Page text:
Concerned about keeping her daughter in preschool so that she would be out of the house as Harris endured the side effects of treatment, Harris sought help from several organizations — among them, Don't be a Chump, Check for a Lump; Three Little Birds; the American Cancer Society; and FMCancer.org — that were able to raise enough money for preschool tuition.

Desperate to give her kids a happy Christmas last year — "If this was going to be my last Christmas with my children, then I wanted it to be the best," Harris said — she was floored by the help from the nonprofit Happily Ever After League, which hosted rooms where she and her kids could "shop" for presents. The group Singleton Moms connected Harris with a sponsor family that brought dozens of gifts.

Singleton Moms, which serves the Phoenix metro area, is a rare group specifically serving single parents with cancer by providing bare necessities, such as laundry detergent and toilet paper, as well as money for bills and events for parents and kids to give some sense of normalcy.

Executive Director Jody Farley-Berens helped found the organization after her friend, Michelle Singleton, a 42-year-old single mother of four, died of breast cancer in 2005. She noticed how the stress of day-to-day responsibilities and the constant threat of having the lights turned off had left her friend exhausted.

Many of the single moms she has met lost their jobs and homes after their cancer diagnosis, putting tremendous pressure on their families.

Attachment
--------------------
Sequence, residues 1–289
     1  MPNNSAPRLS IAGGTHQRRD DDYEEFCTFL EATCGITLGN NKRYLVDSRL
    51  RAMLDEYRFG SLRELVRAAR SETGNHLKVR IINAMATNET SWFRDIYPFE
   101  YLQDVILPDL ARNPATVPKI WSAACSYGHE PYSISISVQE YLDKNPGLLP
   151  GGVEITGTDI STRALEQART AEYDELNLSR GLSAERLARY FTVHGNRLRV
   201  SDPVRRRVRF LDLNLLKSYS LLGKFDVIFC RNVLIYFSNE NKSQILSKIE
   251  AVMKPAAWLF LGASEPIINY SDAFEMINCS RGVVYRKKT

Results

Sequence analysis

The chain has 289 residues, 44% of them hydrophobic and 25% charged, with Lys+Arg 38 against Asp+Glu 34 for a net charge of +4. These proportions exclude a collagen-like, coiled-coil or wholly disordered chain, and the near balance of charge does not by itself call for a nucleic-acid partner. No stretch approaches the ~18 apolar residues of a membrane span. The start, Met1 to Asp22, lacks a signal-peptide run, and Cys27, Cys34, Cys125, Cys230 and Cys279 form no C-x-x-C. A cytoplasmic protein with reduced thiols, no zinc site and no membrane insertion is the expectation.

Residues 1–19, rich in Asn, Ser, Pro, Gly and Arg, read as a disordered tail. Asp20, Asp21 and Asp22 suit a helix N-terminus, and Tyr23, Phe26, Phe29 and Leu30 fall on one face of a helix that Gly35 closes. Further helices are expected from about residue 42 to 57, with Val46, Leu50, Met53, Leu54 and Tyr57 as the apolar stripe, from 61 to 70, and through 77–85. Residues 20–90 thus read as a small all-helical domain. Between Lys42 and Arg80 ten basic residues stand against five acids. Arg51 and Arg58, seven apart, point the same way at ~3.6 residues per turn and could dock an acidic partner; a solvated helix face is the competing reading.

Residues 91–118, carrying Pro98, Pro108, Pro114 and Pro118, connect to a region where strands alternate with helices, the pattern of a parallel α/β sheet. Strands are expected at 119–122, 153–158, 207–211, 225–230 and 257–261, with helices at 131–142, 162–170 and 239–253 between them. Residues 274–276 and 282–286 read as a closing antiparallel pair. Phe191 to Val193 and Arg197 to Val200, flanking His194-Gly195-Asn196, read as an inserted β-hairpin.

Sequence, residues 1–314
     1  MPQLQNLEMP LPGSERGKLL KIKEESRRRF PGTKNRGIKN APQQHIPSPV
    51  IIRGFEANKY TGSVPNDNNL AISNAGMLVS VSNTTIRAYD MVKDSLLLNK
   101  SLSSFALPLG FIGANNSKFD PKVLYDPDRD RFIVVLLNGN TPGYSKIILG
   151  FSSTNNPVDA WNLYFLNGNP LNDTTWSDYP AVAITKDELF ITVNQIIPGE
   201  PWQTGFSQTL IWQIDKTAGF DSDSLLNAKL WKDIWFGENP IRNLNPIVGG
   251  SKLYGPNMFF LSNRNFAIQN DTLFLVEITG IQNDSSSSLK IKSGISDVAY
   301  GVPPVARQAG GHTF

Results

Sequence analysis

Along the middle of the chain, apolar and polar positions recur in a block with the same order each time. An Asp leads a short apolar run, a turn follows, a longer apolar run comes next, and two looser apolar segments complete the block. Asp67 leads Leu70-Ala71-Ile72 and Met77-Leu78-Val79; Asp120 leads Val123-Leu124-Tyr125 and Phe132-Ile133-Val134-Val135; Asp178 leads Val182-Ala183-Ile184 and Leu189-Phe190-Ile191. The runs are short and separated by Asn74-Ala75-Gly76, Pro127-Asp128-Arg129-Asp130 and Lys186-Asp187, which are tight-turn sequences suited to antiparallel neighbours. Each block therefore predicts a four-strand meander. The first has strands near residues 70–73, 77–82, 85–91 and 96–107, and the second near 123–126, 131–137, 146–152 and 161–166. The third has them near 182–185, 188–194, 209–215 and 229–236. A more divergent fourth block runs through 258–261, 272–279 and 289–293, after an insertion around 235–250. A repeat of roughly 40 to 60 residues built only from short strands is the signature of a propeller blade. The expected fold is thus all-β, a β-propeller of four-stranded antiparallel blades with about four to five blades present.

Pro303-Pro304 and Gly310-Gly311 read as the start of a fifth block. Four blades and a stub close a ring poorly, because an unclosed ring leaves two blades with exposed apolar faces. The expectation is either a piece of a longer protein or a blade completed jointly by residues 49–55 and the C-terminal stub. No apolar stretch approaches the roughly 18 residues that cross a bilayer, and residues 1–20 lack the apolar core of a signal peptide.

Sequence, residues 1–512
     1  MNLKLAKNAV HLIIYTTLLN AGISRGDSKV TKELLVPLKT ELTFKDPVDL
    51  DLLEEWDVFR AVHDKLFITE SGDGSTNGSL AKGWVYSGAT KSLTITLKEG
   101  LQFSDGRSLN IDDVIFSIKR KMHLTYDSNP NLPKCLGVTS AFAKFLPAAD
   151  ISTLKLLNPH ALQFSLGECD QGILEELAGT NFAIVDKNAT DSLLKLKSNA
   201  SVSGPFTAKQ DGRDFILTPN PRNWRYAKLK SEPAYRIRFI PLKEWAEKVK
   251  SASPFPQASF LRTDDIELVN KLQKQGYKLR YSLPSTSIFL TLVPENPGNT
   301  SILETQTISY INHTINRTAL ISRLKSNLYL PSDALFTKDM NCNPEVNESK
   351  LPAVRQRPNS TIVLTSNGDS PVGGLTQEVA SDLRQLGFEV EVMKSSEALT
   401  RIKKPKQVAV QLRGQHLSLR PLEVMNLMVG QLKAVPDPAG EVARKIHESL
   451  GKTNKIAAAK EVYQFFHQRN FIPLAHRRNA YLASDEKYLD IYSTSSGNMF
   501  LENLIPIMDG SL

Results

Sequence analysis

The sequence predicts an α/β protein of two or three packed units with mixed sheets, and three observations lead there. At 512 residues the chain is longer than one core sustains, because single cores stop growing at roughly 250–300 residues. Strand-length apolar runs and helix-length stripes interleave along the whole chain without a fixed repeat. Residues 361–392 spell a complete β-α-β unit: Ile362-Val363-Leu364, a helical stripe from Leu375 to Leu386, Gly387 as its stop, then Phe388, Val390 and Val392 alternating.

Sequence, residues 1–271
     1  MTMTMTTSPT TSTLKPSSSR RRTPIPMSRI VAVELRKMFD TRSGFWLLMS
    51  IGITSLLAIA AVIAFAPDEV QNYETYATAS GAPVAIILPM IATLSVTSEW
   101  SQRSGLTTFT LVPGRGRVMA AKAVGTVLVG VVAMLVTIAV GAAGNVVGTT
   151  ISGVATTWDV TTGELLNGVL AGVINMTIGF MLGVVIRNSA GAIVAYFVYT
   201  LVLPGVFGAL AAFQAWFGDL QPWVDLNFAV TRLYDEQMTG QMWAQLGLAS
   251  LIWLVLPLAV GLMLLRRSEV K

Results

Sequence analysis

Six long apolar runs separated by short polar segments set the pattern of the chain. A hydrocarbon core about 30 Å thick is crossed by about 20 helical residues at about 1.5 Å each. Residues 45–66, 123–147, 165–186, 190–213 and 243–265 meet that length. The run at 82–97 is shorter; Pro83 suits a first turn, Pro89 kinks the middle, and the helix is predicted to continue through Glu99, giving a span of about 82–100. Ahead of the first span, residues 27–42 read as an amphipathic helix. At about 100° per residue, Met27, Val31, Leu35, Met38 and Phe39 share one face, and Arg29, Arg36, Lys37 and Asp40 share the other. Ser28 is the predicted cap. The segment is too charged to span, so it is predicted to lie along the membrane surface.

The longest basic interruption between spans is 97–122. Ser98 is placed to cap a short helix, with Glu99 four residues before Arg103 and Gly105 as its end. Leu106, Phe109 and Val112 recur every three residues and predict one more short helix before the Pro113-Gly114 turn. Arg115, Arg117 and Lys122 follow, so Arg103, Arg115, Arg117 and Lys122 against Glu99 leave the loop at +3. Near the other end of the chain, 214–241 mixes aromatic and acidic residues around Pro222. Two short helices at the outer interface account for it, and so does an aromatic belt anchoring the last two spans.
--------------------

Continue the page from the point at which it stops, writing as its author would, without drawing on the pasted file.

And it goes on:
"I've seen a lot of kids that are very angry, and it manifests as anger toward their parent," Farley-Berens said. "They're mad that they can't be like other kids and be on a soccer league or karate because mom is too sick to take them there, or they can't afford it."

The charity has been "a total godsend" to Holloway, who was already on a strict budget and cutting coupons when she was diagnosed. Holloway is pursuing a degree is social work.

Her kids have taken on more responsibility now that she can't do it all, Holloway said, a mixed blessing because "you want kids to be kids." But they've been her biggest supporters.

"It brought us even closer together, but it also brought them a reality that life is not promised," Holloway said of the cancer journey. "You have to live well and do the best you can with the time you have."

aelejalderuiz@tribune.com